REVIEW: JAG PANZER – “The Deviant Chord”
Jag Panzer is a US power metal institution. The band’s debut album, ‘Ample Destruction’, is widely recognized as one of the best metal albums of the 1980’s and one of the bastions of the power metal genre. With more than three decades of activity and a rather consistent discography (‘Dissident Alliance’ being the exception), the Colorado natives achieved cult status in the mid-90’s and are back to attack six years after the great ‘The Scourge of the Light’.
With the stellar and consolidated lineup in the form of longtime members John Tetley (bass), Mark Briody (guitars), Rikard Stjernquist (drums) and US metal legend Harry “The Tyrant” Conklin (vocals, Titan Force, Satan’s Host), ‘The Deviant Chord’ marks the return of the guitarist-virtuoso Joey Tafolla, who had only recorded the aforementioned 1984 classic album and 1997’s ‘The Fourth Judgement’ with the group, the two best Jag Panzer albums in my opinion. So, growing up listening to these guys and knowing that Tafolla was back, I was as excited as a 5-year old on Christmas-eve for this new endeavor.
The problem with following a band and knowing their albums by heart is that you always expect them to be better and better, especially when you know that these guys can kick serious ass. As a fan and reviewer, I was somewhat disappointed with ‘The Deviant Chord’, though, maybe because I hold Jag Panzer on such a high regard. The main problem with the album is that it rarely reaches a climax regarding potent, crunchy riffs, massive hooks or memorable choruses, all necessary when talking about US power metal. Instead, the experience plays almost entirely in a mid-tempo speed, especially in the middle portion of the album, when songs like “Black List”, “Foggy Dew”, “Divine Intervention” and “Long Awaited Kiss” are displayed. All of those have the Jag Panzer characteristic elements, but each of them lacks punch or a better direction, songwriting-wise.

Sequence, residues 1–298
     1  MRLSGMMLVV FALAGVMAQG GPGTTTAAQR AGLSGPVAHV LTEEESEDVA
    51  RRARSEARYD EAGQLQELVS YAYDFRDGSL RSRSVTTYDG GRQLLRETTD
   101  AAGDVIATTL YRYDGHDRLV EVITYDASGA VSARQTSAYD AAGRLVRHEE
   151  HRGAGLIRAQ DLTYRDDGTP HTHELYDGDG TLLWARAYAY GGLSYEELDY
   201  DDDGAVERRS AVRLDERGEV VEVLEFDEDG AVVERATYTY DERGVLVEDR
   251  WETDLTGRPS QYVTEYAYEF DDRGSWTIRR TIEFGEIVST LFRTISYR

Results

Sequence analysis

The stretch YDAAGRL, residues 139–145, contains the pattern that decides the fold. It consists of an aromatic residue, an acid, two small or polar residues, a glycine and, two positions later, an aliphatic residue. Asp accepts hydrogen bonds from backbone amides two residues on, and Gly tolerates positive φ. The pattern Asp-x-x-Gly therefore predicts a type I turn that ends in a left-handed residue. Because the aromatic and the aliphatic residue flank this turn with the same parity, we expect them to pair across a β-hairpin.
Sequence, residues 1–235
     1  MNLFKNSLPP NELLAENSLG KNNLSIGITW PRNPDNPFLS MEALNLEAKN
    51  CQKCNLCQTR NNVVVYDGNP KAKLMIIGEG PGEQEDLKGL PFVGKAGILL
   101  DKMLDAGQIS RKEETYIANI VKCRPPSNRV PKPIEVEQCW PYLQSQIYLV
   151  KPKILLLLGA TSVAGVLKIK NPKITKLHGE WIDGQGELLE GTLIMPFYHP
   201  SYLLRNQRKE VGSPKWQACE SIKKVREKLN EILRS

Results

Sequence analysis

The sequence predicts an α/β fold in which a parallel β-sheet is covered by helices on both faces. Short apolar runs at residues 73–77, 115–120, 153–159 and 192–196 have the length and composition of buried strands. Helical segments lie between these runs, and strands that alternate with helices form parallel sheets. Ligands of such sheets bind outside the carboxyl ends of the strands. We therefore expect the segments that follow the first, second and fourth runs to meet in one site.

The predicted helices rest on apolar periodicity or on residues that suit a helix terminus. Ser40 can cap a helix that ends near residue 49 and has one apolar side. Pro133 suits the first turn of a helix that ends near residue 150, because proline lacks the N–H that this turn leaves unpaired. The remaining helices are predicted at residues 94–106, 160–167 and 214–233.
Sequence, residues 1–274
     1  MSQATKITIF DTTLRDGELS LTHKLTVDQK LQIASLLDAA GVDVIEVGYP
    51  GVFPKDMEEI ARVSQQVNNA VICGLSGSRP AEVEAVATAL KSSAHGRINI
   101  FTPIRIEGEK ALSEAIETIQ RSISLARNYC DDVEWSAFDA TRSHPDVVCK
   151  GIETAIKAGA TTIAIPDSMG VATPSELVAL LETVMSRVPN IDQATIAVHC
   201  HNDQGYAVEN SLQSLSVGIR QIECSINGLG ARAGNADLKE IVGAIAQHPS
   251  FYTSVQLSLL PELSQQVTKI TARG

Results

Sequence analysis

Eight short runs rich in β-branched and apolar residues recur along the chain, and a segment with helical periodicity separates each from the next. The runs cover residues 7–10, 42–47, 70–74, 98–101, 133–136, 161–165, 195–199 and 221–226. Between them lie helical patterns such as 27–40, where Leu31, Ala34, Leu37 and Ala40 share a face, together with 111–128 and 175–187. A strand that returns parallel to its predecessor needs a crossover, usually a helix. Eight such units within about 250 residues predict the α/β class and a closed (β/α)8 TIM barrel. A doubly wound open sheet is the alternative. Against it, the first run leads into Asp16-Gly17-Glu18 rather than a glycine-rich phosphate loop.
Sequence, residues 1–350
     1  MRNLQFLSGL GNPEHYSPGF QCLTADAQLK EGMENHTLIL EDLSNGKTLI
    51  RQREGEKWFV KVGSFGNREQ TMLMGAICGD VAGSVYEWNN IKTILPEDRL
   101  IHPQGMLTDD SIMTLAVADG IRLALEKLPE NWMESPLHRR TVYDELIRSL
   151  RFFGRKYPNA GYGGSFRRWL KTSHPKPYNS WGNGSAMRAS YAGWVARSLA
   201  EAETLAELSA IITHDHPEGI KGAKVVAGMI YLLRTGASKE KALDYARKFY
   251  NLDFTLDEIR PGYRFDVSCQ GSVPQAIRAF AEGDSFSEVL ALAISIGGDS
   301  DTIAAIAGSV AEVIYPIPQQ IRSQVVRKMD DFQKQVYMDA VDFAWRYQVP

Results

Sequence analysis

There are, however, some glimpses of raw power and high levels of inspiration we would expect from Mark Briody as a songwriter, like the two first and two last tracks of the album, for instance. “Born of the Flame” and “Far Beyond All Fear” shine by being simple, yet sophisticated. The intricate sounds provided by the drum-bass duo and some killer guitar solos make the songs feel light and powerful, even though never bombastic. “Fire of Our Spirit”, best tune in here, is the best example of why these dudes are so respected in the US power scene. Conklin’s vocals soar high and dictate the rhythm while classic Jag Panzer-esque background choirs and a beautiful pedal-work by Stjernquist fill the song with a much needed dose of energy.
With the exception of some setbacks regarding the middle of the album (which I blame partially on the mixing and production), you can expect half the songs here to give you what you want when listening to these American legends. Conklin’s enviable vocal range is as reliable as ever, the kitchen provides a good amount of support and the duo Briody/Tafolla obliterates through the songs with virtuous and prolific solos and leads.
I can’t help but to think that the band wanted to create something diversified and heterogeneous to celebrate Tafolla’s return, which resulted in two of three filler tracks, so I would classify the album as half-awesome, half-lackluster, being the first and last moments of the best ones here. As I said above, I believe Jag Panzer can do a hell of a lot better when it comes to writing killer material, because we’ve seen them do it before in almost all of their previous works.
For a band that excels on being powerful and reliable, Jag Panzer seems to have lost a bit of steam in the past six years. ‘The Deviant Chord’ is more than enough proof that metal gods such as Mark Briody and Harry Conklin can still cause damage even when not in their best form, but some factors keep it from being a great album, or besting more relevant, memorable works by the band like ‘Casting the Stones’ or ‘The Age of Mastery’. All in all, this is a good album, but nothing more than that.